Analysis: The Possible Geopolitical Implications of the Covid-19 Pandemic

The analysis examines the possible geopolitical implications of the Covid-19 pandemic and discusses what the post-Covid world order will look like from the perspective of realist International Relations (IR) theory.

The world is going through what by every measure is a great health, socioeconomic, and political crisis, so it becomes imperative from both a scholarly and policy perspective to ponder the geopolitical implications of the Covid-19 pandemic. To discuss the type of world the pandemic will likely leave in its wake we must rely on theory, all the more so because we are dealing with an unfolding event whose many aspects are unknown to us. Realist International Relations (IR) theory can offer important insights into the geopolitical implications of the current crisis. From a realist vantage point, I argue that prognoses about a radical change in world politics due to the crisis are unfounded and tend to be exaggerated. Instead, the Covid-19 pandemic is likely to reinforce major geopolitical trends that already characterized the international system before its outbreak.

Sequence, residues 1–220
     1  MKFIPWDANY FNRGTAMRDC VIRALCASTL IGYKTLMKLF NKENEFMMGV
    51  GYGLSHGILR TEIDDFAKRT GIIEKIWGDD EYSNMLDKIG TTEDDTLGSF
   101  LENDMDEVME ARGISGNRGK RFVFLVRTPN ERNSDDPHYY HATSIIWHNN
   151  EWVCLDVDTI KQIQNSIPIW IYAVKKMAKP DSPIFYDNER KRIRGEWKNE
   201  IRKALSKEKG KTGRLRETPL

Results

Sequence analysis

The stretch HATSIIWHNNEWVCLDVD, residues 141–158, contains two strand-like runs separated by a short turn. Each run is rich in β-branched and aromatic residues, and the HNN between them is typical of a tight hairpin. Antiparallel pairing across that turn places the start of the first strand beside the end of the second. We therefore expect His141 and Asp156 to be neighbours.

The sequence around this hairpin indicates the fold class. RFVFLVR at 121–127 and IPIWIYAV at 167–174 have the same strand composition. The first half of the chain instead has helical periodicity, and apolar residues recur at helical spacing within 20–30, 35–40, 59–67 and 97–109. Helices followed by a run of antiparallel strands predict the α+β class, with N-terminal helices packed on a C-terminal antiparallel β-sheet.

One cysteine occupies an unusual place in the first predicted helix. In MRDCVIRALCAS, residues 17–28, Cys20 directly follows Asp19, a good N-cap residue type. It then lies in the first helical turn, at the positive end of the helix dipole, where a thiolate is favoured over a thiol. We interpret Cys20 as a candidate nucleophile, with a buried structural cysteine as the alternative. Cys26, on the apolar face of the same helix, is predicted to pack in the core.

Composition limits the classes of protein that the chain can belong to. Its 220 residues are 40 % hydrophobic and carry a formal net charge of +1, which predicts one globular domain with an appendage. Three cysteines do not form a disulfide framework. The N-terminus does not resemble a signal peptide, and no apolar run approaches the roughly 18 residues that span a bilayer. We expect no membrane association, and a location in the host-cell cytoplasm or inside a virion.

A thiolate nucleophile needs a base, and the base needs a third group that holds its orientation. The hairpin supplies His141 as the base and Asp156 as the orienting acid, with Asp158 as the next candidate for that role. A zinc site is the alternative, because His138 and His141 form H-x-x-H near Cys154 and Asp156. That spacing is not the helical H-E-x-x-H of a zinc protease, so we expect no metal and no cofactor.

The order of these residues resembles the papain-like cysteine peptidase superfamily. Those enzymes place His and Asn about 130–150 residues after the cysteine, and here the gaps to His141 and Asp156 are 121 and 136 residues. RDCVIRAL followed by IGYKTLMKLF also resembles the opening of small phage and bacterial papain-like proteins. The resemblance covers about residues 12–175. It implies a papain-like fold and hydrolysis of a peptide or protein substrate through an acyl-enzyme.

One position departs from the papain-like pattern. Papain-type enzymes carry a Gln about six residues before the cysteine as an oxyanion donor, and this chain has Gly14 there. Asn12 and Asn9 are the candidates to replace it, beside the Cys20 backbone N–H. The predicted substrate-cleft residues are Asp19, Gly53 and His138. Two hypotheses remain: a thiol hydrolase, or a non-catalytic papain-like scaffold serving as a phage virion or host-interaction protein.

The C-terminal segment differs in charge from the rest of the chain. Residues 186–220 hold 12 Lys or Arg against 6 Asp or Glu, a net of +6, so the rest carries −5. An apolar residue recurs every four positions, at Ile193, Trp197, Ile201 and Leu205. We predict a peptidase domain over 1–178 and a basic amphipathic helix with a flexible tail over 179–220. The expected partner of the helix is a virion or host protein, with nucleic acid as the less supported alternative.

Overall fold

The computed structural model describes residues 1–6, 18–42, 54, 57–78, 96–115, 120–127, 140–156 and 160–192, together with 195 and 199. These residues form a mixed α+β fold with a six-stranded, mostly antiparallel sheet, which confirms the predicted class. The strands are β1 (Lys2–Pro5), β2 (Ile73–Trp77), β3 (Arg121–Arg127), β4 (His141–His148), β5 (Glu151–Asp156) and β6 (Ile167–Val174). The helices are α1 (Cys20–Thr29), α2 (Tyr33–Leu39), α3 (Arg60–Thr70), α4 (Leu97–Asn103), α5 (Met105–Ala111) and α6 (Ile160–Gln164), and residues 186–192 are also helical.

At least half a decade before the Covid outbreak, we were living in a world characterized by four prominent geopolitical features: (1) the United States’ “unipolar moment” had passed and the power distribution at the systemic level had shifted from uni- to multipolarity; (2) the post-Cold War liberal international order had decayed and as a result, international institutions lost much functionality; (3) the state’s role in the economy and protectionist policies increased; and (4) authoritarianism/democratic backsliding and nationalist far-right political movements were on the rise around the globe. The crisis we are going through is unlikely to alter this geopolitical landscape; rather, it will reinforce its four prominent features. The current analysis concludes by arguing that building a new liberal post-Covid international order is equally unlikely for the simple reason that the structure of the international system will likely continue to remain multipolar and will be dominated by the security competition between the three great powers, namely the United States, China, and Russia. Unlike the two decades after the end of the Cold War, now that power is distributed in more than two hands, a liberal international order cannot rise.

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